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Using medical coding to reduce claim denials


When employees are unsupported, overwhelmed, and struggling to stay up-to-date on the latest rules, mistakes are bound to happen.

Using medical coding to reduce claim denials

Nearly 20% of claims get denied, and as many as 60% of returned claims are never resubmitted—translating to massive financial losses.

It’s no secret that the healthcare industry faced many challenges over the past few years. With those challenges came regulatory updates and operational changes, leading to confusion and burnout—especially for medical coders and other HIM professionals.

This ever-changing landscape, including the rapid adoption of new care delivery models, prompted a litany of new coding guidelines, making it increasingly difficult for staff to keep up. When employees are unsupported, overwhelmed, and struggling to stay up-to-date on the latest rules, mistakes are bound to happen.

Mistakes on claims lead to denials, which can become a massive financial burden if left unchecked.

Considering that the number of claims denied on the first submission by medical practices doubled in 2021, it is now more important than ever for practices to prioritize quality and accuracy in their revenue cycle operations and, more specifically, their medical coding.

Why do claims get denied?

Let’s start with the basics. There are many reasons why a practice may receive a denied claim, but some of the most common reasons include:

Duplicate claims

A duplicate claim means a coder submitted a claim more than once for the same service performed on the same patient. This usually results when an HIM staff member accidentally resubmits a claim before the insurance provider has responded.

Bundled services

There are certain services that staff should not report separately. For example, some payers consider actions such as checking a patient’s heart rate as part of evaluation and management services. In this instance, they should only use one office visit code, even though pulse oximetry has its own CPT code. If two claims are submitted for these bundled services, also called unbundling, the payer will deny it.

Unbundling can also lead to overcoding, meaning staff submits a claim for a higher payment than allowed.

Filing limits

Each payer outlines filing timeframes that providers must follow. Some filing limits may be as short as 30-days and some as long as two years. If billing staff fail to submit a claim before the end of a payer’s filing limit, they’ll receive a denial and potentially have to write off those charges. With coding backlogs growing due to understaffing or lack of training, providers are more frequently encroaching or exceeding the filing limits.

Coverage issues

Practices may receive a denial stating that a service wasn’t deemed medically necessary according to a patient’s insurance. A common reason for this is miscommunication between providers and coding and billing staff. A patient may have received a covered service, but because they had an incorrect diagnosis listed on their documentation, payers interpret it as not covered.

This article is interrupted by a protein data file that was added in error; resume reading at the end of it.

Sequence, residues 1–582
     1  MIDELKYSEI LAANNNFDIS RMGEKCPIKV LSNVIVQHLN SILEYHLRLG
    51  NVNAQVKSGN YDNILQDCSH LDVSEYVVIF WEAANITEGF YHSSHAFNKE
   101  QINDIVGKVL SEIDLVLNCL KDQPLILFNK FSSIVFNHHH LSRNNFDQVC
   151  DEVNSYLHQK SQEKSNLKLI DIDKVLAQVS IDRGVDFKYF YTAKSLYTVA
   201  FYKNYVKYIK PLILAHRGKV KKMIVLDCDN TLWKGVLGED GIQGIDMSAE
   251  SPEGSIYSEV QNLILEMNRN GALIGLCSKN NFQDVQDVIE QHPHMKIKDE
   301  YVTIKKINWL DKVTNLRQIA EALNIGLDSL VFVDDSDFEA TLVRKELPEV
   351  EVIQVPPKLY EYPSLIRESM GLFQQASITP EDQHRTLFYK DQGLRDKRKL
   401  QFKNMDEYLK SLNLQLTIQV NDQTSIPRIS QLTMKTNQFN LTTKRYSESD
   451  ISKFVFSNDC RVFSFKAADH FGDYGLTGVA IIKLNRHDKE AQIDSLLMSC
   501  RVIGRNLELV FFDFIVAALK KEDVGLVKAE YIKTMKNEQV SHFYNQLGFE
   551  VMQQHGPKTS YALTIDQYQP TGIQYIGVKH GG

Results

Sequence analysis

Missing or insufficient information

Missing or insufficient patient information such as birth date or insurance details happens largely because practices still use manual processes. When staff members manually go through copious amounts of patient paperwork daily, small details can go unnoticed easily.

A common denominator between all of these situations is medical coding. Whether good or bad, the accuracy of a practice’s coding greatly impacts the number of denied claims they receive.

Using AI-automated coding technology to reduce denied claims

Many practices have employed technology solutions such as AI-automated coding to combat denied claims. These solutions use artificial intelligence to act as any human coding team member—imagine having hundreds of your best coders.

There are multiple ways a solution like this can impact denied claims. The first is through AI-powered coding audits.

Coding audits are a tool that often goes unused by practices—to their detriment. Revenue Cycle Managers should use them to take stock of your current coding operations and discover the source of your denials. This information is invaluable in preventing future denials. Regular audits give practices a deeper understanding of what they can improve and what they are doing correctly.

Another way to reduce denied claims is by automating routine coding to reduce staff workload. Let AI technology take on simple coding tasks like payment posting, insurance verification, or fully coding common provider encounters and charts. This allows coding personnel to focus on the more difficult aspects of their jobs like in-depth claims or resolving previously denied claims.

When staff members don’t have to devote their time to tedious tasks, they can instead spend the time on a few demanding tasks, leading to fewer inaccuracies and thus, reducing denied claims.

Practices don’t have to accept denied claims as a regular part of their business. Using AI-automated technology to boost coding quality and accuracy and to support team members will promote a healthier revenue cycle.

Amit Jayakar is the Vice President Commercial Operations of Fathom, a Tarsadia and Founders Fund backed company that uses deep learning to automate medical coding.

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